With Open Source 101, a single day, entry level conference, almost sold-out for its inaugural run at NC State University on Saturday, I thought now would be as good a time as any to take a look at some of the open source conferences coming up this spring.
For tech workers, whether in the trenches or in the front office, these conferences offer a unique opportunity that's not always found at other tech events. While many tech conferences focus on a single product or vendor, open source conferences offer a wide smorgasbord of subjects, with sessions on subjects that range from highly technical to strictly business. In addition, they're great for networking.
There are three major conferences scheduled in the U.S. for this spring:
SCALE (March 2-5): The Southern California Linux Expo is the largest community run open source conference in the country. It's also traditionally been the first major conference of the year. For the last several years, the event has taken place at the Pasadena Convention Center.
Being a "community" conference, SCALE tries to strike a balance and offer sessions both for home enthusiasts and the enterprise. Like most open source conferences, however, in recent years the focus has shifted more to the enterprise, as that's where the action -- and money -- is in open source these days.
On tap for this year's four day event are nearly 200 speakers (the number is likely to grow as opening day gets closer), including such names as Percona's CEO, Peter Zaitsev (talking databases, of course); HPE's Stephen Walli; Oracle's MySQL community manager, David Stokes; Google's Kostya Serebryany (covering security issues); Bob Reselman; and Microsoft's Caskey Dickson (he'll be giving a talk on cross platform tool development in Go).
LFNW (May 6-7): LinuxFest NorthWest is another community conference. It's much smaller than the other two conferences on this list, but it's popular because of its relaxed atmosphere and scenic bayside setting in Bellingham, Washington, and the same reasons that make it popular help it attract high quality speakers. There are more talks centered on open source community issues than at the others, but there are still plenty of presentations for tech professionals looking to improve their skills.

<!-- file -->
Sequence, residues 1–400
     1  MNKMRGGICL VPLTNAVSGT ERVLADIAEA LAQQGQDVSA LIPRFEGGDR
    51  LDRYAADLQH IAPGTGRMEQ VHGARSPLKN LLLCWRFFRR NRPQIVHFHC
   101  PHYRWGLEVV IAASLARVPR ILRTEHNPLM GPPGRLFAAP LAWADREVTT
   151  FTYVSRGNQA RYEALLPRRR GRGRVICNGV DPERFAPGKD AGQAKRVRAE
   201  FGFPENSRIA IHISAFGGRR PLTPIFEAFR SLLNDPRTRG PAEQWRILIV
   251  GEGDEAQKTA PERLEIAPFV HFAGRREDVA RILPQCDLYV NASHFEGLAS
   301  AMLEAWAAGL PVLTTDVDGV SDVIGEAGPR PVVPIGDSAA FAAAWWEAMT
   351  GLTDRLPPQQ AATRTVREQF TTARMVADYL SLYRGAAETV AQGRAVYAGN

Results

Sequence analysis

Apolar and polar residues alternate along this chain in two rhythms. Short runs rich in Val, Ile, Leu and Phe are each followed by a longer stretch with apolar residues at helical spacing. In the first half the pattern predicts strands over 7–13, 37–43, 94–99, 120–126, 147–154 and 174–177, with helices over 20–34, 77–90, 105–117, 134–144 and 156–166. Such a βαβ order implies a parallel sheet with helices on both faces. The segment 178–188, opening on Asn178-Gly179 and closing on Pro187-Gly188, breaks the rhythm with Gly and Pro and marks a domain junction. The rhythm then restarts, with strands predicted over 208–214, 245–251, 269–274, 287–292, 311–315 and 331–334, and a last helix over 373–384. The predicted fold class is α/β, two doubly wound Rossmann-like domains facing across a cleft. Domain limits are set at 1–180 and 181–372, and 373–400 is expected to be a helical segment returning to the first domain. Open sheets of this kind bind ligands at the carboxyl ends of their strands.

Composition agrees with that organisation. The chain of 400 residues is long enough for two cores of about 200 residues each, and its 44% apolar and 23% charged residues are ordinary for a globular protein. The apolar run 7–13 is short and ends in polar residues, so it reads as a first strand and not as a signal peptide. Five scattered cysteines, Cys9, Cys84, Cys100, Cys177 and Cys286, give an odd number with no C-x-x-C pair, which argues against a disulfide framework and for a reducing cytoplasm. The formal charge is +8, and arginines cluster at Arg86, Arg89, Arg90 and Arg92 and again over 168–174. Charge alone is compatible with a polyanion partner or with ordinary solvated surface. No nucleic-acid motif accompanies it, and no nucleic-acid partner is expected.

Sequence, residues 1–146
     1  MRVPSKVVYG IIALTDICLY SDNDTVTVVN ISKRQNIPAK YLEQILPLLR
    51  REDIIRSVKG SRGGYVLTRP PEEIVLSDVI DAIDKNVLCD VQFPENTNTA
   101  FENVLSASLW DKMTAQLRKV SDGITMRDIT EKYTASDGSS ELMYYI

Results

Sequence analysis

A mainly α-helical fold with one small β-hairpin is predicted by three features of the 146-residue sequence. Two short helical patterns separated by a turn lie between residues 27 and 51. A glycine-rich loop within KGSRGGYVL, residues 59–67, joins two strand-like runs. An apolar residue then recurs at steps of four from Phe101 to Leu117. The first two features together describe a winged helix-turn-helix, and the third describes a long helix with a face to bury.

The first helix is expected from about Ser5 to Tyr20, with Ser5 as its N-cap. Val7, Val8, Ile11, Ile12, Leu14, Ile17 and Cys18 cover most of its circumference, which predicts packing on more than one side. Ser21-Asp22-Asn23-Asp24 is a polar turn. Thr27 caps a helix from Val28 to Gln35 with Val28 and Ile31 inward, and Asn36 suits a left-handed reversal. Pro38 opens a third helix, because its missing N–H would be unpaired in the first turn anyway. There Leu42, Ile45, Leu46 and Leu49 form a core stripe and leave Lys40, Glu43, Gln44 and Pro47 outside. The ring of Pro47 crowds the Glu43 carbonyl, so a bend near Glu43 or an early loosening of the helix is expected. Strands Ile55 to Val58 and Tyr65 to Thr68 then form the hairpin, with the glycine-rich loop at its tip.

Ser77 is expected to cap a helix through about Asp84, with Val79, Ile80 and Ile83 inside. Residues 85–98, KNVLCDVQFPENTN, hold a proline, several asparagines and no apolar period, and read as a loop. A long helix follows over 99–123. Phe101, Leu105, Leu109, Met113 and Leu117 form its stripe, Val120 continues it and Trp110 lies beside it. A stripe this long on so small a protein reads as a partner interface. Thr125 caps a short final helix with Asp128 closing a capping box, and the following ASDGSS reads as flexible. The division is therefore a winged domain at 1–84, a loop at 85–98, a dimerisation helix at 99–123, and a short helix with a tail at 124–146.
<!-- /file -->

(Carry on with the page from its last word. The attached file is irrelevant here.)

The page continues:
This year's schedule hasn't been announced yet, but will include the tracks Security, Infrastructure, Humans, Code and General Interest. If this could fit your schedule, I'd keep an eye on the conference website to see if the schedule includes some sessions that interest you. A trip to the upper Northwest could help clear the brain -- then you can fill it from sessions at the conference.
The price for this one is really cheap -- it's free. You'll have to buy your own lunch, however.
OSCON (May 10-11) Although OSCON is technically a four day event, beginning this year on May 8, the first two days are dedicated to training and tutorials, with the last two days, beginning on May 10, being a traditional conference. Presented by the publisher O'Reilly, this is the Big Kahuna of open source conferences. It's also almost entirely focused on the enterprise, although there have been efforts in recent years to expand its scope. This year's event will be held in Texas, within the Austin city limits, having made the move from Portland, Oregon last year to be more accessible to residents of the U.S. East Coast and Midwest.
Even at this early stage, there are already about 190 speakers on tap. A quick look at those on board to give keynote addresses offers some idea of what to expect: Kelsey Hightower with Google Cloud Platform, Dianne Marsh with Netflix's Cloud Tools, and Alvand Salehi who leads the development of the nation’s federal source code policy.
You'll definitely want to see if you can get the boss to pay your way if you want to go, however, as this one is expensive. The Bronze Pass, which is the least expensive pass listed on the event's site, gets you access to all keynotes and sessions on May 10-11 for $1,545 -- and that's if you register before March 16 to take advantage of the early bird special. Luckily, there's a "convince your manager" page to help you prepare to make your case.
There are numerous relatively small regional open source events around the country as well, and most of these offer admission that is free, or nearly so. Although these events are smaller than the big tent conferences, the quality of speakers is on par and includes some of the same people who speak at the high dollar events. These events also tend to be more relaxed, making them more conducive to networking. If there's a regional event in your neck of the woods, you might want to consider taking a day off to check it out.